If you require rapid short-term relief from severe symptoms – for example, if you have an exam or driving test coming up – your GP may prescribe a course of corticosteroid tablets for five to seven days.
The use of corticosteroids for longer than 10 days isn’t recommended, because the longer you take steroid tablets the more likely it is you’ll begin to experience unpleasant side effects, such as:
- weight gain
- changes in mood, such as feeling irritable
Read more about the different corticosteroid sprays, drops and tablets available.
Hay fever can cause a blocked nose. A decongestant, in the form of a nasal spray, can relieve this. Decongestants reduce the swelling of the blood vessels in your nose, which opens your nasal passage and makes breathing easier.
Your GP can prescribe a nasal decongestant, but there are many available from your pharmacist. Check the ingredients, as some decongestants also contain antihistamine. If they do, they may relieve other symptoms as well. If not, the decongestant will only relieve your blocked nose.
Nasal decongestants shouldn’t be used for longer than seven days. They may cause dryness and irritation in your nasal passage, and can make the symptoms of congestion worse (this is known as rebound congestion or rhinitis medicamentosa).
Read more about nasal decongestants.
Eye drops are available from your pharmacist to treat the hay fever symptoms that affect your eyes, such as redness, itchiness and watering (allergic conjunctivitis). The drops contain antihistamine, such as azelastine and olopatadine, to reduce the inflammation in your eyes, which will relieve the symptoms.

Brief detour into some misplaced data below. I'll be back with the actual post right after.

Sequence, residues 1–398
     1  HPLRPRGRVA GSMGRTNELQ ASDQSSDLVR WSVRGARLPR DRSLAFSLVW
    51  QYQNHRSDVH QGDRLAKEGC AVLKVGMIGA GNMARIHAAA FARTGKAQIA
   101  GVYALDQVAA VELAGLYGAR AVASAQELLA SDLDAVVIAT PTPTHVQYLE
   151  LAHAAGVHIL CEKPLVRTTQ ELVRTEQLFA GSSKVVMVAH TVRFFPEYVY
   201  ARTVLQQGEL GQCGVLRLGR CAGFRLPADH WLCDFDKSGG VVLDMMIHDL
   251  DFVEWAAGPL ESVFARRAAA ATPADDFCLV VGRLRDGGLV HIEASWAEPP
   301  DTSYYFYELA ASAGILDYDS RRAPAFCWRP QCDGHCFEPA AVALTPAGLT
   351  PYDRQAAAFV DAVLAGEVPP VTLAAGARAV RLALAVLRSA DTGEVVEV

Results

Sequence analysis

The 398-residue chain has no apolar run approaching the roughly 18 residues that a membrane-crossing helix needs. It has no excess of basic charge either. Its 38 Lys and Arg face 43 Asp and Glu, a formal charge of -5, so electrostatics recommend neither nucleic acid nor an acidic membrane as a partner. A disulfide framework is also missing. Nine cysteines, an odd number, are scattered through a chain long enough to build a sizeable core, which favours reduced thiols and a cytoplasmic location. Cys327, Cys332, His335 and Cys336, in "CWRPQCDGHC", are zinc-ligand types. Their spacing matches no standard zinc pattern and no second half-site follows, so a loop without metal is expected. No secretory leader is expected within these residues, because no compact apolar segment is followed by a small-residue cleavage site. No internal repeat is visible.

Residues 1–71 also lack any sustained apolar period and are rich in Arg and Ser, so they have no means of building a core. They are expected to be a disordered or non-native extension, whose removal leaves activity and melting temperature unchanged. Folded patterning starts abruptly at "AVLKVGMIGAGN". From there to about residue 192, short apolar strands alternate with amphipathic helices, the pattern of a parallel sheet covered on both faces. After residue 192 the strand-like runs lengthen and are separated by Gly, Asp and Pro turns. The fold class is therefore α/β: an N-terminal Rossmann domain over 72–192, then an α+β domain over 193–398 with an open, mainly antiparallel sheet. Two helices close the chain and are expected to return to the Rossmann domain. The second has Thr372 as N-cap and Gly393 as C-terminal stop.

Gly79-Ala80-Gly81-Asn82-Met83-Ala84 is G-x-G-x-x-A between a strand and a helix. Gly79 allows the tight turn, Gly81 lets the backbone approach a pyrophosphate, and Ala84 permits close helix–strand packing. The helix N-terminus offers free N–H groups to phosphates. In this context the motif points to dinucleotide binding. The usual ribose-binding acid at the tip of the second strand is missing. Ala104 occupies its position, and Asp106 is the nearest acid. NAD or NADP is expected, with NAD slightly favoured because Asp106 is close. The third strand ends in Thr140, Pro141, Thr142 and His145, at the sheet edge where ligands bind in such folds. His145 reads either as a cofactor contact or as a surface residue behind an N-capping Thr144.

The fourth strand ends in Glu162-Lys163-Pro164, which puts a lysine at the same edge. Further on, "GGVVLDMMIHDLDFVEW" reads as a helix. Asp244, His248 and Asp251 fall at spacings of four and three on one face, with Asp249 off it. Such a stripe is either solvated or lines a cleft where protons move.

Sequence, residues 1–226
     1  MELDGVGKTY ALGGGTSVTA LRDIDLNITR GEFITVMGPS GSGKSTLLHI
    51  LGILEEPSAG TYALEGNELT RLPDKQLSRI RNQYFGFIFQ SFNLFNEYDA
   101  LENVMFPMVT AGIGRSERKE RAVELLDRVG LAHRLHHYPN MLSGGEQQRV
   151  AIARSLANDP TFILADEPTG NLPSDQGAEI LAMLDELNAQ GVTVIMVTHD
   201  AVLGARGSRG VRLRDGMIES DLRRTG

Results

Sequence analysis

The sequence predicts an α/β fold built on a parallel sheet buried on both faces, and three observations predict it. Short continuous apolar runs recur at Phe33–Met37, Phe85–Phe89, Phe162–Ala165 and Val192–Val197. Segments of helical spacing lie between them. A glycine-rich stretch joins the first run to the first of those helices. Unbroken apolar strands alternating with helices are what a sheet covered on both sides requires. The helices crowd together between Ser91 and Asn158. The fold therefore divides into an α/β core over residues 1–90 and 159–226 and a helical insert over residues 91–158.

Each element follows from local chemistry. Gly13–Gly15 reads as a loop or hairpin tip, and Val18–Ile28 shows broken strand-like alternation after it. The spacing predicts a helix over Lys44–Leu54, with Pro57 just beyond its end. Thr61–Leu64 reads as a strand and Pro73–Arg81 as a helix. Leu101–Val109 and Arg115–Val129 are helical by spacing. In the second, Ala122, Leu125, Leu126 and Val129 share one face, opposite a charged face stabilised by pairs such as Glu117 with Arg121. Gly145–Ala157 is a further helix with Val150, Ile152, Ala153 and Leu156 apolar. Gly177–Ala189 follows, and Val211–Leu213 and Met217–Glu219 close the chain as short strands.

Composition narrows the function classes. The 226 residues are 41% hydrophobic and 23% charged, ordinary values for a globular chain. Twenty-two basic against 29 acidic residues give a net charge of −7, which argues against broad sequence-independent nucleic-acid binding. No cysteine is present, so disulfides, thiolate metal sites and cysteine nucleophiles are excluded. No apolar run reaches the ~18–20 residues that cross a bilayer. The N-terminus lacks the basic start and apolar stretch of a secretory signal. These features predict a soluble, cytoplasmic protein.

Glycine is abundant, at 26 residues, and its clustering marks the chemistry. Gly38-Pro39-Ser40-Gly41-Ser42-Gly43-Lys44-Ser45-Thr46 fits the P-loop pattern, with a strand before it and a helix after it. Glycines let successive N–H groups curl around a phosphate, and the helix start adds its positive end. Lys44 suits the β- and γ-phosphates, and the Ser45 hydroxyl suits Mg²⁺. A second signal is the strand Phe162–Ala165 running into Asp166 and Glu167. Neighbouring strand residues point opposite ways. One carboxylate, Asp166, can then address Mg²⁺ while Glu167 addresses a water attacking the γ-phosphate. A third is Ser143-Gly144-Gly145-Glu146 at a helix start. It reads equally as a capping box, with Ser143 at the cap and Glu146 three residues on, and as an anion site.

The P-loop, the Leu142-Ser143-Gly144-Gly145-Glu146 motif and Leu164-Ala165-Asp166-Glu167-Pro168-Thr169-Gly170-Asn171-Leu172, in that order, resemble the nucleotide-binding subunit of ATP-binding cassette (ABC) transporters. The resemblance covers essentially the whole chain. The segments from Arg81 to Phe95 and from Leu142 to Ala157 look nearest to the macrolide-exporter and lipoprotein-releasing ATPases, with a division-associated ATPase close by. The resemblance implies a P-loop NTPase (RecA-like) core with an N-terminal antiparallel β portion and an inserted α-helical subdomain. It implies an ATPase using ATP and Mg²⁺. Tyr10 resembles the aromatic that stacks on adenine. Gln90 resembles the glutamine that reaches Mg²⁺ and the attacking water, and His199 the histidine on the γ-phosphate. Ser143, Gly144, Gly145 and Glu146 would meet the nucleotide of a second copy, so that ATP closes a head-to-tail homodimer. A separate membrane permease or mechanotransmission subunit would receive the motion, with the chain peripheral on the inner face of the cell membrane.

Eye drops containing the active ingredient sodium cromoglicate (a mast cell stabiliser) are the most widely used and have been shown to be extremely safe. Check the patient information leaflet for the correct way to use them. Some may cause side effects, such as a stinging or burning sensation in your eyes.
If you have persistent hay fever symptoms that aren’t relieved by the above treatments, your GP may refer you for immunotherapy treatment. This involves gradually introducing you to small amounts of the allergen (the substance you’re allergic to), such as pollen, and monitoring your allergic reaction in a controlled environment.
Immunotherapy is only carried out in specialist medical centres, in case a serious allergic reaction, known as anaphylaxis, occurs.
The allergen can be given to you as:
- an injection into your skin – this is known as systemic injection immunotherapy (SIT)
- a tablet that dissolves under your tongue – this is known as sublingual immunotherapy (SLIT)
After the initial treatment, you’ll be monitored for up to an hour.
Further doses of SLIT can safely be administered at home after an initial dose has been given under medical supervision.
To work in the first year, treatment should be started three months before the pollen season. As you get used to the allergen, the amount used will slowly be increased. You’ll gradually start to build up immunity to the allergen, and your allergic reaction to it should get less severe. Three years of treatment is recommended to achieve long-term pollen desensitisation.
Immunotherapy can improve your tolerance of the allergen, which can improve your quality of life and have long-term results. However, if you don’t see a significant improvement in your symptoms during the first year, then the treatment is unlikely to help and shouldn’t be continued.